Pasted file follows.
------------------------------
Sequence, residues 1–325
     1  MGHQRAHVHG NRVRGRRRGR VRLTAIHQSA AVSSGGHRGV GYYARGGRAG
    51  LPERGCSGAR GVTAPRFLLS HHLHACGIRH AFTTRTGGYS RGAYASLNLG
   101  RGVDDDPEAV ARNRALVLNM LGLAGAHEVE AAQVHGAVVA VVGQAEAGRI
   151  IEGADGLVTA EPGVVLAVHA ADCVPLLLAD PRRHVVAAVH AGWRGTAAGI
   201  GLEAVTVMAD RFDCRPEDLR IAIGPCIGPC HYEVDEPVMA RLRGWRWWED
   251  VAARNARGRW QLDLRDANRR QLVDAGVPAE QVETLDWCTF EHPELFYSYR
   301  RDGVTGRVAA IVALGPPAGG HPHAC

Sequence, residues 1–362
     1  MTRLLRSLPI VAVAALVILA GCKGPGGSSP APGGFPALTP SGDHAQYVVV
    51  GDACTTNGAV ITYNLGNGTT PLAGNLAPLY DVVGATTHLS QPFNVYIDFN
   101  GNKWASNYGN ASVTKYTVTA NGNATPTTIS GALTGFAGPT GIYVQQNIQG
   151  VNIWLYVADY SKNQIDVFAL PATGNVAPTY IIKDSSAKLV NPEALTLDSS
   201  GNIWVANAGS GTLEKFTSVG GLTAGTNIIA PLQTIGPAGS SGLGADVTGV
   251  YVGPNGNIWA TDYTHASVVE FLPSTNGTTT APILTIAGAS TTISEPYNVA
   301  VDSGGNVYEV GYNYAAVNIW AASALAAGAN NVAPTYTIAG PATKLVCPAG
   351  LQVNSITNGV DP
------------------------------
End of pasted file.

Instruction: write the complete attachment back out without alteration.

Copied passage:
Sequence, residues 1–325
     1  MGHQRAHVHG NRVRGRRRGR VRLTAIHQSA AVSSGGHRGV GYYARGGRAG
    51  LPERGCSGAR GVTAPRFLLS HHLHACGIRH AFTTRTGGYS RGAYASLNLG
   101  RGVDDDPEAV ARNRALVLNM LGLAGAHEVE AAQVHGAVVA VVGQAEAGRI
   151  IEGADGLVTA EPGVVLAVHA ADCVPLLLAD PRRHVVAAVH AGWRGTAAGI
   201  GLEAVTVMAD RFDCRPEDLR IAIGPCIGPC HYEVDEPVMA RLRGWRWWED
   251  VAARNARGRW QLDLRDANRR QLVDAGVPAE QVETLDWCTF EHPELFYSYR
   301  RDGVTGRVAA IVALGPPAGG HPHAC

Sequence, residues 1–362
     1  MTRLLRSLPI VAVAALVILA GCKGPGGSSP APGGFPALTP SGDHAQYVVV
    51  GDACTTNGAV ITYNLGNGTT PLAGNLAPLY DVVGATTHLS QPFNVYIDFN
   101  GNKWASNYGN ASVTKYTVTA NGNATPTTIS GALTGFAGPT GIYVQQNIQG
   151  VNIWLYVADY SKNQIDVFAL PATGNVAPTY IIKDSSAKLV NPEALTLDSS
   201  GNIWVANAGS GTLEKFTSVG GLTAGTNIIA PLQTIGPAGS SGLGADVTGV
   251  YVGPNGNIWA TDYTHASVVE FLPSTNGTTT APILTIAGAS TTISEPYNVA
   301  VDSGGNVYEV GYNYAAVNIW AASALAAGAN NVAPTYTIAG PATKLVCPAG
   351  LQVNSITNGV DP